CHABOILLEZ, LOUIS (baptized Joseph-Louis), notary, militia officer, office holder, and politician; b. 14 Oct. 1766 in Montreal, Que., son of merchant Louis-Joseph Chaboillez and Angélique Baby-Chenneville; nephew of Charles-Jean-Baptiste Chaboillez; m. 10 Nov. 1789 Marguerite Conefroy in Pointe-Claire, Que., and they had seven children, five of whom died in infancy; d. 19 July 1813 in Montreal.
Louis Chaboillez belonged to the fourth generation of a family engaged in the fur trade since the early 17th century. He did not, however, continue the family tradition. Rather, on 24 July 1787 he received a commission to practise a notary, and on 1 August Isaac Todd and James McGill called on him to draw up hiring contracts for the west. The preparation of such agreements seems to have been a sort of speciality for Chaboillez, who became the leading Montreal notary in the field; in 1813 hiring contracts form a third of his minute-book, which contains slightly more than 10,000 deeds. He recruited his clientele as much from among independent traders as from British firms such as McTavish, Frobisher and Company, Todd, McGill and Company, or Parker, Gerrard, and Ogilvy.
In 1797 Chaboillez held the rank of captain in Montreal’s 2nd Militia Battalion. On 17 December he was elected a churchwarden of the parish of Notre-Dame, but he resigned on 22 April of the following year, when he was called upon to replace notary Jean-Guillaume De Lisle as clerk of the fabrique. On 22 May 1799 he was appointed a justice of the peace, and in November he became a member of the commission for the building of churches and parsonage houses. Under the name of Mathieu he belonged to the Club des Apôtres, founded that year; the 12 members of the club, which lasted only a few months, were concerned with gastronomy and organized a monthly supper. On 11 Oct. 1802 he was appointed secretary of the commission responsible for repairing Montreal’s fortifications.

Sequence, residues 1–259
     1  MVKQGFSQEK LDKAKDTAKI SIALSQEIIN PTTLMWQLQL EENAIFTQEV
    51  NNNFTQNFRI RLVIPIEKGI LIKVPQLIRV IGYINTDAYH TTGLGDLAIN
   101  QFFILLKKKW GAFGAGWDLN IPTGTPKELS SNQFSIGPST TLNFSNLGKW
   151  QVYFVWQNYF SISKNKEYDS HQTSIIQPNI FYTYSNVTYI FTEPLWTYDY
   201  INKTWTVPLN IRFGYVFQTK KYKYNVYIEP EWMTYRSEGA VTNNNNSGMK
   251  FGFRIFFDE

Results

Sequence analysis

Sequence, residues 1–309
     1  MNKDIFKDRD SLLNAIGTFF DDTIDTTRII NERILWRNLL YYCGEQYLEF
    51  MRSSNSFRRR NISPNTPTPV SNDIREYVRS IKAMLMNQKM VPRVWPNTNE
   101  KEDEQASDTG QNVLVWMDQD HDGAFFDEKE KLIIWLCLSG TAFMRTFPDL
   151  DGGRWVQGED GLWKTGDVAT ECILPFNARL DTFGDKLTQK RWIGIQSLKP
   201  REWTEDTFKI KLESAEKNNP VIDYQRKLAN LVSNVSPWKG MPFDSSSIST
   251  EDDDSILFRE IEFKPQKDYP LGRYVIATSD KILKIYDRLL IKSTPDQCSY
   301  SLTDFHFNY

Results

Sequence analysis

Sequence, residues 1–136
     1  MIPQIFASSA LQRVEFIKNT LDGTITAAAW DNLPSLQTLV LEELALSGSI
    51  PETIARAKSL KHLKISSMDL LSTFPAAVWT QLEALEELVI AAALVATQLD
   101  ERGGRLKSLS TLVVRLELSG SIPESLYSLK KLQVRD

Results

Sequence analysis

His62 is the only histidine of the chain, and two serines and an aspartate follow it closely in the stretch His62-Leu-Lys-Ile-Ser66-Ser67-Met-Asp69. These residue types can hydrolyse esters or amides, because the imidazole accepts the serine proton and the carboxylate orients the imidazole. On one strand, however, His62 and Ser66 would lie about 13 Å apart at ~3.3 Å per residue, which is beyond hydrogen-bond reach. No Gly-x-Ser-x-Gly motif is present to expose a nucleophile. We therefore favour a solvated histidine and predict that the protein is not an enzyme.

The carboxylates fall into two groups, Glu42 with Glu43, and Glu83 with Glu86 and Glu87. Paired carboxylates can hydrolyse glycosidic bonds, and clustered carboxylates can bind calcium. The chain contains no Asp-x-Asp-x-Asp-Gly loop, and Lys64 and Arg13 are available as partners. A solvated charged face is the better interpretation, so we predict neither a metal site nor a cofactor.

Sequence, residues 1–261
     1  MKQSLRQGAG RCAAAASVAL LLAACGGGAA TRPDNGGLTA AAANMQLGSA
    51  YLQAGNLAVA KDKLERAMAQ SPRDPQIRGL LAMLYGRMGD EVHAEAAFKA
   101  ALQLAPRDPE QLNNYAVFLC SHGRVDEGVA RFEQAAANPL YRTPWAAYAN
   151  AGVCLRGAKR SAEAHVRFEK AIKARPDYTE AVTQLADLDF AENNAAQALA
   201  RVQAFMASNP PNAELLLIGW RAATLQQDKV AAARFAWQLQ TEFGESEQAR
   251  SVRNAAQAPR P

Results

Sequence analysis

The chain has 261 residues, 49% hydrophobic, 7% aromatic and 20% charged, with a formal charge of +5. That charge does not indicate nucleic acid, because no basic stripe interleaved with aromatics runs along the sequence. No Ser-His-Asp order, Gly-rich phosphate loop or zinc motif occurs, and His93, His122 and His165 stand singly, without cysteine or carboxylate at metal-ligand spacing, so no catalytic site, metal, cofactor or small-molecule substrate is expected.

In 1804 Chaboillez ran for Montreal East in the elections to the Lower Canadian House of Assembly. Elected along with McGill, he sat until 27 April 1808 and split his votes between the English party and the Canadian party. Thus he fought the bill for financing prisons through import duties [see Jonathan Sewell*], but supported the one on the exclusion of judges from the assembly [see Sir James Henry Craig; Pierre-Amable De Bonne]. During his term the government granted him a commission authorizing him to receive the oath of half-pay officers.
Chaboillez subsequently withdrew from the political scene and continued to practise as a notary. From August 1809 until his death he speculated in building sites in Montreal. There is no inventory of his property, and thus it is impossible to evaluate his fortune and his standard of living.
ANQ-M, CE1-37, 10 nov. 1789; CE1-51, 14 oct. 1766, 22 juill. 1813; CN1-121, 28 oct. 1795, 11 juill. 1809; CN1-126, 31 août 1810; 25 mai, 13, 30 juill. 1811; 15 févr. 1812; 13 juill. 1813; CN1-194, 6 mai 1811; CN1-269, 21 Aug., 21 Oct. 1809; 21 Dec. 1810; 4 April 1811; CN1-313, 16 oct. 1795; CN1-375, 9 nov. 1789. Montreal Gazette, 20 July 1813. Quebec Gazette, 17 Nov. 1785, 27 May 1790, 19 July 1792, 6 July 1809. Quebec almanac, 1797–1801, 1805, 1810. F.-J. Audet, Les députés de Montréal, 70–71. Desjardins, Guide parl., 134. Langelier, Liste des terrains concédés, 1253. Hare, “L’Assemblée législative du Bas-Canada,” RHAF, 27: 379–80. Massicotte, “Les Chaboillez,” BRH, 28: 184–88, 207–9, 241–42, 274–76, 311–13, 325–32, 355–59. Victor Morin, “Clubs et sociétés notoires d’autrefois,” Cahiers des Dix, 13 (1948): 122–27.